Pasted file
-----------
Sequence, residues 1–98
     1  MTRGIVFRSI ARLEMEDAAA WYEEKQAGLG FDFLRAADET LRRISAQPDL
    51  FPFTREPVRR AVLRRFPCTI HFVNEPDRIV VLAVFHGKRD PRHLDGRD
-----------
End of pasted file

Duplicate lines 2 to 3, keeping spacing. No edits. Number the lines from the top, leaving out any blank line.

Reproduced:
     1  MTRGIVFRSI ARLEMEDAAA WYEEKQAGLG FDFLRAADET LRRISAQPDL
    51  FPFTREPVRR AVLRRFPCTI HFVNEPDRIV VLAVFHGKRD PRHLDGRD